Wars/major armed interventions

Issues for original combatants

14. German Confederation

(PrussiaJ-Denmark, 1863-1864


15. Russia-Poland, 1863

16. Austria-Prussia (Italy), 1866

17. Italy-Roman Republic, 1870

18. France-Prussia, 1870

19. Serbia, Montenegro-Turkey,

20. Russia-Turkey, 1877-1878

21. Bulgaria-Turkey, 1885

22. Serbia-Bulgaria, 1885

23. Turkey-Greece, 1897

24. Spain-United States, 1898


Dynastic/succession claims
Protect ethnic confreres (P.)
Strategic territory (D.)
Enforce treaty terms (P.)
National unification/consolidation
Ethnic unification/irredenta
National liberation/state creation
Maintain integrity of empire (R.)
National unification/consolidation
(P., I.)
Maintain regional dominance (A.)
National unification/consolidation
Regime/state survival (R.R.)
National honor (F.)
Test of strength
National unification/consolidation
National unification/consolidation
(S., M.)
Maintain integrity of empire (T.)
Protect religious confreres (R.)
National liberation/state creation
(Wallachia, Moldavia) (R.)
Protect ethnic confreres (R.)
Commerce/navigation (R.)
Maintain integrity of empire (T.)
Ethnic unification/irredenta (B.)
National unification/consolidation
Maintain integrity of empire (T.)
Protect ethnic confreres (G.)
National liberation/state creation
Maintain integrity of empire (T.)
Ideological liberation (U.S.)
Commerce/navigation (U.S.)
Maintain integrity of empire (S.)
National liberation/state creation
(Cuba, U.S.)

CONFLICT AND CONSENT, 1 8 1 5 - 1 9 1 4

Table 7.1 continued
Wars/major armed interventions

Issues for original combatants

25. Russia, Great Britain, Germany- 1. Maintain regional dominance

Chinese rebels, 1898-1900
2. Commerce/navigation
3. Autonomy (C.)
26. Boer Republics-Great Britain
1. Strategic territory (G.B.)
2. Autonomy (B.)
3. Protect nationals/commercial
interests abroad (G.B.)
27. Japan-Russia, 1904-1905
1. Empire creation (R.)
2. Colonial competition
3. Strategic territory (].)
28. Italy-Turkey, 1911-1912
1. Territory
2. Maintain integrity of empire (T.)
29. Montenegro, Bulgaria, Greece, 1. Territory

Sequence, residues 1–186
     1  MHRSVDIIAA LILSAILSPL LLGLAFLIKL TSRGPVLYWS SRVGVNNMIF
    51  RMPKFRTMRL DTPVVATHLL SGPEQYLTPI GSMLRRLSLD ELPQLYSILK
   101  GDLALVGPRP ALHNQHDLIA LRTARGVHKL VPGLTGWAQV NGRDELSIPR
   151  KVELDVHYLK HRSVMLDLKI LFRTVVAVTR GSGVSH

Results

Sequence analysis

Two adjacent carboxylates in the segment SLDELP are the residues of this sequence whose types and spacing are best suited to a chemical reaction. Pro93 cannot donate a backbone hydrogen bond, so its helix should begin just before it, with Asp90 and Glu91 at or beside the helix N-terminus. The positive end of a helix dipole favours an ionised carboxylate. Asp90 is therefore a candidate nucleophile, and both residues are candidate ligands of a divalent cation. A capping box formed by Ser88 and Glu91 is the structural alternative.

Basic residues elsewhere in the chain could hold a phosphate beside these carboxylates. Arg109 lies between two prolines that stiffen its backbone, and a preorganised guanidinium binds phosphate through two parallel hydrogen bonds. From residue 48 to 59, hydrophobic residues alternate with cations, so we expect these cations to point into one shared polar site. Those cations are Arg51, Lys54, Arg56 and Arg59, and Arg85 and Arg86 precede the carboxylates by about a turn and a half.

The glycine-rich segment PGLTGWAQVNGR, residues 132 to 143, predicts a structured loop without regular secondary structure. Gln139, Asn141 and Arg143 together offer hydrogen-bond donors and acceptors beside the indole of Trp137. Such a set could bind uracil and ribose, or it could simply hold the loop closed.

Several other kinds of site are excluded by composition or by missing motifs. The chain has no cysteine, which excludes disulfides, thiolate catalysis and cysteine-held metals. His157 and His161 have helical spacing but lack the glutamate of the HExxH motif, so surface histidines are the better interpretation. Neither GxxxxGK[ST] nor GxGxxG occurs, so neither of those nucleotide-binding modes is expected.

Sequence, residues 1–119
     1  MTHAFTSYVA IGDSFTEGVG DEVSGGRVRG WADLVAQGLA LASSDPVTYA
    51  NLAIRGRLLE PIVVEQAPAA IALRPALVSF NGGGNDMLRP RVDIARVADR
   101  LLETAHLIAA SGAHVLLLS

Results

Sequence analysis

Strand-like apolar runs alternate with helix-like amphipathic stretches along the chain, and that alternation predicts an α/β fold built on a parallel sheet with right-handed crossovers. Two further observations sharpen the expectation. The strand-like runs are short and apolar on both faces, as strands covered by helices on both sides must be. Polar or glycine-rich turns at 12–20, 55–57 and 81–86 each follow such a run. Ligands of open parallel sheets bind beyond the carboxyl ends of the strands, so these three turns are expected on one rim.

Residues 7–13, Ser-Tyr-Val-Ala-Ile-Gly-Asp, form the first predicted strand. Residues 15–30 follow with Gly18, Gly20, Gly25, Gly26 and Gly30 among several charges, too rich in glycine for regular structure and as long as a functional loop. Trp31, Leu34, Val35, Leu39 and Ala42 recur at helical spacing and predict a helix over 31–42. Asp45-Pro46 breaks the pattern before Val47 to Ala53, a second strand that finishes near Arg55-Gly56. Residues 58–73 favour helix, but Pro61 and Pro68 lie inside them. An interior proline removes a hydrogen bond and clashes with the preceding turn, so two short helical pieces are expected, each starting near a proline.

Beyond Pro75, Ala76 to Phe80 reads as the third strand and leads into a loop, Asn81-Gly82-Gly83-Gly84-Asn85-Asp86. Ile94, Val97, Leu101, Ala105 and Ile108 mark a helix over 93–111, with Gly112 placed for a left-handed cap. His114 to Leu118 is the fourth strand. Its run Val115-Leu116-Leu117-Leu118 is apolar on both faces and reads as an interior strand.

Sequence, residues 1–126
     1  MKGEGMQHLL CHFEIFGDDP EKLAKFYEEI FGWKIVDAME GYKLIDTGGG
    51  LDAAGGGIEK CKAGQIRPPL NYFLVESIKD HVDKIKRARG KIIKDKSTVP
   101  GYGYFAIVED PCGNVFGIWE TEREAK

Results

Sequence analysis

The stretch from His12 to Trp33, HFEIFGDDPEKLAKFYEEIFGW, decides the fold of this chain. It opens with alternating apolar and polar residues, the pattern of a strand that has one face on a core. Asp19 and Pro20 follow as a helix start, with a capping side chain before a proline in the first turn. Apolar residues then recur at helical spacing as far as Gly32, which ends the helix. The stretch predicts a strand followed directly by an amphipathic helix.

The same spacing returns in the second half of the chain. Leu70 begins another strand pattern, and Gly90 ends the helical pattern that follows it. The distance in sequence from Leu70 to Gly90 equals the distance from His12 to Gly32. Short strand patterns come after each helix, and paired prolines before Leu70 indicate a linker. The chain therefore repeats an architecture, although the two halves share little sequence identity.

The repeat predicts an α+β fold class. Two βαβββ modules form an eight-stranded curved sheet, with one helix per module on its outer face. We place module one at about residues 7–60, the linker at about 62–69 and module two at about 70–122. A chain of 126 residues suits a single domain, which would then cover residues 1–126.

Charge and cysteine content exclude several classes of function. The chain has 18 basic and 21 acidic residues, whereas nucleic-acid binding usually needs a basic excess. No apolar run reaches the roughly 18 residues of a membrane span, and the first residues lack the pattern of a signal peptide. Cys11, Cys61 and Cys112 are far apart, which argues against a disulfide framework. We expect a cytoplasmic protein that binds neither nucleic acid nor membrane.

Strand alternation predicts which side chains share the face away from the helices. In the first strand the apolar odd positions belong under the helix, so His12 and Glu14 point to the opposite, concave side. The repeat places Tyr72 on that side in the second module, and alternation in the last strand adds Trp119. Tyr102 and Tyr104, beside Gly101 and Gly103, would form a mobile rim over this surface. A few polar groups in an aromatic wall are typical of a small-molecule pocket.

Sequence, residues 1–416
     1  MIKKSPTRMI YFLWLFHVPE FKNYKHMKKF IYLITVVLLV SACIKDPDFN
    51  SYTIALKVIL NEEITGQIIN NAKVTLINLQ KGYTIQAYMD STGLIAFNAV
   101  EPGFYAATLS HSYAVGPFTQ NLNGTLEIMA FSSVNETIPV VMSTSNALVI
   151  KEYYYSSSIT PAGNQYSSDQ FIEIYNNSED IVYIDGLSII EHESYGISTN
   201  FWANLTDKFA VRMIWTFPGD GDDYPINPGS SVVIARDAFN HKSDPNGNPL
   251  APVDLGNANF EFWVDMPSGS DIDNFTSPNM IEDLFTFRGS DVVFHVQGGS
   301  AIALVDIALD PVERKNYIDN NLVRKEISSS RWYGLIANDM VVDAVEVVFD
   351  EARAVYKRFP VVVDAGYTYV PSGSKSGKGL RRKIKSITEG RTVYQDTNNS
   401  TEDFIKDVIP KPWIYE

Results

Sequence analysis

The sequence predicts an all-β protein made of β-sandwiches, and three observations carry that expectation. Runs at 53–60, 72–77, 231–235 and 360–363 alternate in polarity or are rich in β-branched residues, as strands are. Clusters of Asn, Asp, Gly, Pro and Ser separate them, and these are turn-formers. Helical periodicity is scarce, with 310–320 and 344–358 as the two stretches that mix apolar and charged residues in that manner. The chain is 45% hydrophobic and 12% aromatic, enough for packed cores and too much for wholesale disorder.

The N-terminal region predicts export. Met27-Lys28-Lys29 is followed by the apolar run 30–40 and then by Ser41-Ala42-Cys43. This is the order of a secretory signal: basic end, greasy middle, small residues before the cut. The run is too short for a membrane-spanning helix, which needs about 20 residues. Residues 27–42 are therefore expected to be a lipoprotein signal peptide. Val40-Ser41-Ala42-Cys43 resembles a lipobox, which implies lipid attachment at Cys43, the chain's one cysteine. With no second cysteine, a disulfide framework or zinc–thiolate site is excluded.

Serbia-Turkey, 1912-1913
2. Maintain integrity of empire (T.)
30. Bulgaria-Serbia, Greece, 1913
1. Territory
31. Austria-Hungary-Serbia, 1914
1. National honor (A.)
2. Maintain integrity of empire (A.)
3. Protect ethnic confreres (S.)
4. Regime/state survival (A.)

but it is reasonable to claim that until the First World War, most armed
conflicts in non-European areas had only limited effects on the mutual
relations of the European-centered system.
Often described as a century of peace, the ninety-nine years after the
Congress of Vienna had a 13 percent lower occurrence rate of war and
armed interventions than the previous period (one war every 3.3 years
compared to one every 2.8 years for the 1715-1814 period). Early in the
period there were armed interventions to quell or support constitutionalist/liberal/nationalist revolutions in Italy, Spain, Belgium, and
the Ottoman Empire. Toward the late nineteenth century, new, small
states became significant war participants, often launching fairly blatant aggressions. But except for the three brief wars of German nationbuilding and Russia's armed interventions into Hungary and Poland at
mid-century, the center of Europe running from London, through
Paris, Berlin, and Vienna constituted a significant zone of peace. The
populations of this area were to know only a few months of war during
the entire century. The order constructed in 1814-15 was in part the
source of the notably low incidence of intra-great power wars in the
nineteenth century. The architects of the order, and their successors
who corrected some of its deficiencies, succeeded where their predecessors of 1648 and 1713 had largely failed. The figures are something


of a testimonial to the system of great power collaboration that was

launched in the great war against Napoleon and formalized in the
Quadruple Alliance: in the subsequent century, there were only four
wars among the peacemakers of Paris and Vienna. Of these, three
were brief and resulted in no fundamental restructuring of great power
relationships. Only the Franco-Prussian War was to leave a residue of
hostility and help polarize the continent. But if the measure of success
is a significant diminution of all war, then the order did not dramatically improve the tenor of international politics.
The Balkans, and to a lesser extent Italy, were almost chronic arenas
of crisis and war. These were the areas where the forces of nationalism
favoring the creation of ethnically based nation states ran head on into
the imperial structures of Austria-Hungary and Turkey. Russia was
the main champion of "national liberation" against the Ottomans,
while Napoleon III posed as the patron of Italian liberation and unification. The forces of change, in the form of national liberation and/or
unification, could not be contained successfully within the old imperial
structures, and war was the result.
The distribution of issues throughout the post-Vienna period reflects
the great socio-political cleavages of the century. National liberation
and unification/consolidation issues constituted 19 percent of all the
issues that generated wars and armed interventions. The other side of
the coin is the 18 percent where, for defenders, maintenance of imperial integrity and unity were the issues. Together, these accounted
for 37 percent of all issues for the period, a significant increase from the
7 percent in the previous century. In contrast, issues of previous eras